Hello, what's this? Why, could it be another cautionary tale from Hollywood about recreational drugs being--alert the media!--not particularly good for people? (If only they could try the same with guns. Messrs. Heston and Silver: You awake yet?) Indeed, with Blow, director Ted Demme (Beautiful Girls, Monument Ave.) has set us up with a morality tale in which the moral is obvious from the start, and there's very little to do but sit back and enjoy the ride. While the project is galaxies away from inventive, it's definitely a cool and crafty pastiche of Scarface mingled with Goodfellas, wrapped in the polyester playfulness of That '70s Show. Whether this description serves as a beacon or a warning is up to you.
To get into the guts of Blow, we'll visit a Chicago courtroom in 1972, where semi-oblivious George Jung (Johnny Depp) sits slouching with nary a care in the world as he is convicted of smuggling 660 pounds of marijuana into the country. "I crossed an imaginary line with a bunch of plants," he mumbles. Bemused yet firm, the matronly judge (Dorothy Lyman) smiles as Jung lets fly with a Dr. Seuss-style rap about his relative innocence, and then she sentences him to five years. It's just one way in which the hapless entrepreneur makes good on his promise never to end up like his parents.
The parents in question--first introduced in a warmly nostalgic, Ward-and-June prologue, then quickly blended into a richer, unhappier portrait--are Ermine and Fred Jung (Rachel Griffiths and Ray Liotta), a couple of well-intentioned squares who inadvertently produce a major-league dealer. From his Boston-bound childhood, young George (Jesse James) observes his father sliding into bankruptcy ("Money doesn't matter," declaims the foundering father. "It only seems like it does"). He also grows increasingly alienated from his mother, whose selfish flights from the home leave an indelible imprint upon her boy. Basically, between Dad's spiraling workaholism and Mom's cold absence, the kid grows up too fast: "I don't care about ice cream," he exclaims. "What are we going to do?"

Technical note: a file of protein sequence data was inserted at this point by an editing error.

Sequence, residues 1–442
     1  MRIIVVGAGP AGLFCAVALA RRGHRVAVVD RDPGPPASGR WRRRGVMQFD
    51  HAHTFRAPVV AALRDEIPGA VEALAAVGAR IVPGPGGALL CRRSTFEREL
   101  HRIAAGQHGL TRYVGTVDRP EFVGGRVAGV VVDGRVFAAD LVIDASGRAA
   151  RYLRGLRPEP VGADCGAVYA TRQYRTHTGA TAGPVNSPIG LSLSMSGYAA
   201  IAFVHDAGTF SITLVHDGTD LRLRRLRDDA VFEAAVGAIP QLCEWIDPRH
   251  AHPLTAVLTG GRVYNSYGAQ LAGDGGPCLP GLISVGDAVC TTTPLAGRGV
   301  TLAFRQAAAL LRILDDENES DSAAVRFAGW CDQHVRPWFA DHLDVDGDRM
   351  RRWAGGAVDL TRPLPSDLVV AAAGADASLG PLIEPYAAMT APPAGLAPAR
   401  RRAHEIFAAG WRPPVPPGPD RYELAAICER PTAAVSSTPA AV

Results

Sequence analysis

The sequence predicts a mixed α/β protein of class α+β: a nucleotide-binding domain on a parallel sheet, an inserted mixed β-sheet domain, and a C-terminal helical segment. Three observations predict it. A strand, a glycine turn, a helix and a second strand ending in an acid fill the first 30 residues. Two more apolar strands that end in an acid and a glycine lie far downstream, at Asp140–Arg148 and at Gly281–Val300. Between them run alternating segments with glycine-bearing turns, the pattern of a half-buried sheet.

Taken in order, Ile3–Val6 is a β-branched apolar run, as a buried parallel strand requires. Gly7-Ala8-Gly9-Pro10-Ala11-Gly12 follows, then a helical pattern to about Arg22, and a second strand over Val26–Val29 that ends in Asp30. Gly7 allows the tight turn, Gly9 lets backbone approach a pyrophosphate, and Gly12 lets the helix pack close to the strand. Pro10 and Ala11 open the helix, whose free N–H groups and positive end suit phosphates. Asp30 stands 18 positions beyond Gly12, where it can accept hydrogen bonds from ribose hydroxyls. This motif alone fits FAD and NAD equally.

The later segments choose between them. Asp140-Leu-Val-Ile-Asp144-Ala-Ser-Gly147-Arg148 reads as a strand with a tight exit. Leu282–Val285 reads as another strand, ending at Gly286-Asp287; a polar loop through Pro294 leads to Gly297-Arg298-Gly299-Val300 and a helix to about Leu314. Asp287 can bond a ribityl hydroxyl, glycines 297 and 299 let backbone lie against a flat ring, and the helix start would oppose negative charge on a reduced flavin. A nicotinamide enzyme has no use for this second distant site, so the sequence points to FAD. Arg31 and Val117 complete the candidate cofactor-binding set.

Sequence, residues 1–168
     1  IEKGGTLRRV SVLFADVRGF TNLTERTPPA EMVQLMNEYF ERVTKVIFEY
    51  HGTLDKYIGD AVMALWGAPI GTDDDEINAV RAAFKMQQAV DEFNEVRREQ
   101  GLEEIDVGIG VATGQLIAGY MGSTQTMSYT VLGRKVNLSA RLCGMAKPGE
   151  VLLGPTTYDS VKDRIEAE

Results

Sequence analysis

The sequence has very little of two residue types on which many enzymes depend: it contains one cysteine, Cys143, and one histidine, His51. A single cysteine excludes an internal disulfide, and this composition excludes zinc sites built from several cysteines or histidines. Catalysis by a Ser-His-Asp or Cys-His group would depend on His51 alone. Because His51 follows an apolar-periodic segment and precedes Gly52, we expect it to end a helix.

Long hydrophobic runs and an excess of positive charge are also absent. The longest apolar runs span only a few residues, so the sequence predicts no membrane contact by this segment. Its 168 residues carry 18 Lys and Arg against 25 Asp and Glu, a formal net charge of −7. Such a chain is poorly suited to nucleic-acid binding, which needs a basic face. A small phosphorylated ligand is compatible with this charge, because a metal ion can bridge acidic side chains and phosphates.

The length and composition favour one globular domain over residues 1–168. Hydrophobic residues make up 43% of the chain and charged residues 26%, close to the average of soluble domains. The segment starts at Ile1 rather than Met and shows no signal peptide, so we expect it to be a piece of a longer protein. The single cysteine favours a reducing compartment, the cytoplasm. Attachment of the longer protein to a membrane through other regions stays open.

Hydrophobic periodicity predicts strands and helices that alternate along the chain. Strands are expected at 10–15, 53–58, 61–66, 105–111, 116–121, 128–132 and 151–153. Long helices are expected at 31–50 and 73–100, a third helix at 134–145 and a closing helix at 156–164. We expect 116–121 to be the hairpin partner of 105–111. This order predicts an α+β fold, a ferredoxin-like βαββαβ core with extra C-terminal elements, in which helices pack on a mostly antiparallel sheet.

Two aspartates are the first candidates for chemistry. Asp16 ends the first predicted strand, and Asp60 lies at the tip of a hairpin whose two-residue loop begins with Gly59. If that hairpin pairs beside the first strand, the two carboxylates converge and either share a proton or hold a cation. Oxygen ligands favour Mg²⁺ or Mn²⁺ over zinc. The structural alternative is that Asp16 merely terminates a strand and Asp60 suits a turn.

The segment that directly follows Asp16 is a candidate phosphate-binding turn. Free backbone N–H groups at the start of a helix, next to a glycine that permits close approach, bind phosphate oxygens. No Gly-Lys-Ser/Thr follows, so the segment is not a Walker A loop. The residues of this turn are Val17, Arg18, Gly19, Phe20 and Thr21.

Perhaps taking his cues from the Doors (as Demme takes some of his from Oliver Stone), George grows up and hits the beaches of Southern California for fun in the sun with his corpulent best friend Tuna (Ethan Suplee, from Kevin Smith's universe). In the first of many helpful and illustrative montage sequences, we learn that all the bikini-clad honeys are employed as stewardesses, and George eventually selects one, Barbara Buckley (Franka Potente, nearly unrecognizable after Run Lola Run) to be his Summer of Love squeeze. But there's still no cash flow. Leaping to the rescue is Tuna, who sets the wheels of George's career in motion with the seemingly innocuous question, "You remember wondering what we were going to do for money, being that we don't want to get jobs and what-not?"
Almost immediately after George and Tuna hook up with a flamboyant hairdresser and pot source named, quite antithetically, Derek Foreal (Paul Reubens in shag-drag, sort of a Pee Wee Vermin), they're all off to Mexico with accomplice Kevin Dulli (Max Perlich) to transform smuggling into a fun-filled fiesta for the whole family.
Surprisingly, it takes a long, long time for the shadows to creep in on George's fantasy existence--if indeed they ever fully reach him--and this is where the film swerves wildly away from the hard-core significance of, say, Traffic. While many may snort at this happy-go-lucky tone, Demme and his crew have crafted the project to feel altogether less preachy and more generous than Soderbergh's cliché-laden juggernaut. Of course, a lot of this enchantment has to do with Depp's cosmetic appeal, which the movie shamelessly milks. Thankfully, there's much more to Depp's work here than a series of wig changes, and the actor is in characteristically fine form.
There's never a dull moment in Blow, but, cinematically speaking, there's never a mesmerizing one either; it's basically your above-average nice drug movie.
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